Analysis: Blatt, Cavs shift gears, begin putting opponents in rearview mirror

The aroma of a full roster has permeated their present seven-game win streak.

AFTER THE Cleveland Cavaliers went through a bit of a rough patch at the end of 2015, David Blatt (right) and LeBron James (center) have the team back on stride and rolling through the competition (photo credit: REUTERS)
AFTER THE Cleveland Cavaliers went through a bit of a rough patch at the end of 2015, David Blatt (right) and LeBron James (center) have the team back on stride and rolling through the competition
(photo credit: REUTERS)
CLEVELAND – For the first time this year, you could really smell the flavors coming together in what the coach David Blatt and the Cleveland Cavaliers hope is a championship dish. The aroma of a full roster has permeated their present seven- game win streak, highlighted by three straight games with 120+ points against playoff teams like the Toronto Raptors and Washington Wizards.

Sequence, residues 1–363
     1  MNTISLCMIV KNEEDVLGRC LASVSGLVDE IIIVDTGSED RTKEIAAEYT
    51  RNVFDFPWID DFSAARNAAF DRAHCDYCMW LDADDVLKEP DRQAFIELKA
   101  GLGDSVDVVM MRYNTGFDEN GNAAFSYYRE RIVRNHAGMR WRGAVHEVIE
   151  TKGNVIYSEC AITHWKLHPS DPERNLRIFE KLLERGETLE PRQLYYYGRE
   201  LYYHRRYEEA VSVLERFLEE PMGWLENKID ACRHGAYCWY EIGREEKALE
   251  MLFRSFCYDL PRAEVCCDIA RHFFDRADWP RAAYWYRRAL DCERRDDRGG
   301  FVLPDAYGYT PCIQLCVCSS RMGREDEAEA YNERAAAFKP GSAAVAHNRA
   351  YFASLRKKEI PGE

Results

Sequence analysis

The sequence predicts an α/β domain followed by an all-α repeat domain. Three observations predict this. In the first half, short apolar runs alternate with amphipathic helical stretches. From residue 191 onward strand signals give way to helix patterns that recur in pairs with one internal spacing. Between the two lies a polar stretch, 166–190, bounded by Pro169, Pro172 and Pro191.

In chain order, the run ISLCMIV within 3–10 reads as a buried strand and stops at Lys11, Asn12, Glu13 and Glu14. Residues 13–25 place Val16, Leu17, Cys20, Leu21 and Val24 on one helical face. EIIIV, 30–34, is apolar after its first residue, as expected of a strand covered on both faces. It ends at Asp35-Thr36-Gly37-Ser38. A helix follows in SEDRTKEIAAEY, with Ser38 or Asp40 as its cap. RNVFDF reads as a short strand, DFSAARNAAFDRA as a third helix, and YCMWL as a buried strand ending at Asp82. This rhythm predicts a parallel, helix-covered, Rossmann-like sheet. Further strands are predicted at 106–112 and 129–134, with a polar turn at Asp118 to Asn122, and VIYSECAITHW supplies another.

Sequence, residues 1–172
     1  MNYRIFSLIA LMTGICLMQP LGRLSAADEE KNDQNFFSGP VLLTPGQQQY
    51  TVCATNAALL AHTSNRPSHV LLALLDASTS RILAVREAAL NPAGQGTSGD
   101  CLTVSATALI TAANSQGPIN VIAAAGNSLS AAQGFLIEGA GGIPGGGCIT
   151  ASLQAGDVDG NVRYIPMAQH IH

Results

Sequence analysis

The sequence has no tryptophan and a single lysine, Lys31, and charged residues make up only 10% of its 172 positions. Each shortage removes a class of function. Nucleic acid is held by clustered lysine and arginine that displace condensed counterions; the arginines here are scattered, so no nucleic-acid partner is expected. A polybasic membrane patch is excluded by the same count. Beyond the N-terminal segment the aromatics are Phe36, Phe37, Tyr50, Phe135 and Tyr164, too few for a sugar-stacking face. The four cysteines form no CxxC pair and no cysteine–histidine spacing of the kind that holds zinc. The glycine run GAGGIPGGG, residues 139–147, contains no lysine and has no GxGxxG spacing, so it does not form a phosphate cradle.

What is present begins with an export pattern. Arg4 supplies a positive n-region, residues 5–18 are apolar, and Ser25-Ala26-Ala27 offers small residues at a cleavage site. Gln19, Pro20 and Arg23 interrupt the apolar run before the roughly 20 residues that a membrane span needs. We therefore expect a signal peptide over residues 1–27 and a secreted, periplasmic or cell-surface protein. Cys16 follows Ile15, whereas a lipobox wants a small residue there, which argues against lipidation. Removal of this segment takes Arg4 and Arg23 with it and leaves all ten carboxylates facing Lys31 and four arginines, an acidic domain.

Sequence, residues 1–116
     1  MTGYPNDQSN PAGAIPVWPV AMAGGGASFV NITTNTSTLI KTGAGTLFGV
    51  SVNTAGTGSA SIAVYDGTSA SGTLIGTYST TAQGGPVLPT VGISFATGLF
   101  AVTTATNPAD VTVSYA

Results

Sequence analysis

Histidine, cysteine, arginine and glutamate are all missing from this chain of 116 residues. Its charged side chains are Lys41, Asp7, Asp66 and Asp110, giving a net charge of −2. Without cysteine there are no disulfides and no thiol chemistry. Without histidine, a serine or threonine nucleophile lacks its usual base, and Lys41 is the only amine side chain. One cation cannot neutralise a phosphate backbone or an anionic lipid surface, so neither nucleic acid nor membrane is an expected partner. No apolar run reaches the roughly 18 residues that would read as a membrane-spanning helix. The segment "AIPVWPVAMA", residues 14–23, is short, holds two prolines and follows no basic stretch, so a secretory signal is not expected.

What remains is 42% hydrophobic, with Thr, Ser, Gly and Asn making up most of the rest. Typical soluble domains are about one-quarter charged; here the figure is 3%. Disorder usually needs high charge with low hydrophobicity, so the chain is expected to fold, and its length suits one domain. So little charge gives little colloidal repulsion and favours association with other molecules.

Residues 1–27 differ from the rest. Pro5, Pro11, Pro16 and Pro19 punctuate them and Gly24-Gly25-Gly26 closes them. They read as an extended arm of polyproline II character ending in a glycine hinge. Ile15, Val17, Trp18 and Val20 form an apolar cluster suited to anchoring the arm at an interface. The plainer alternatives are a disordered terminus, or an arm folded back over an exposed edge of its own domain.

The wins were keyed by the return mid-December of fireplug defensive wing Iman Shumpert and a week or so later of Kyrie Irving. After nine games back, the minutes-restriction is coming off Irving, who celebrated by scoring 25 and 32 in the two games while making more than 60% of his shots against the Raptors and Wizards. Yeah, he looks back.
It was the culmination of an up-and-down stretch beginning with Cleveland’s only home loss of the year, to the Washington Wizards 97-85 on December first. The Cavaliers got revenge by way of a 121-115 victory on the Wizards’ home court to open a six-game road trip.
Irving and Shumpert’s returns had downstream effects on the whole rotation, as roles were upset and minutes surrendered.
Before December was done, Blatt had made a bold lineup change, while LeBron James addressed his shooting woes.
Those two factors along with the return of Irving and the underrated Shumpert, helped spark the current win streak.
It all sort of began with an emotional 89-83 loss to the Golden State Warriors in a televised Christmas Day rematch of the NBA Finals. The Warriors have been a yardstick for the Cavaliers. Not only did Golden State deny King James his championship crown, but they haven’t let up since.
Most champions endure beginning of the season doldrums as engines warm to the season’s long grind, fully aware the 82 games are simply a prelude to the playoffs. Not the Warriors.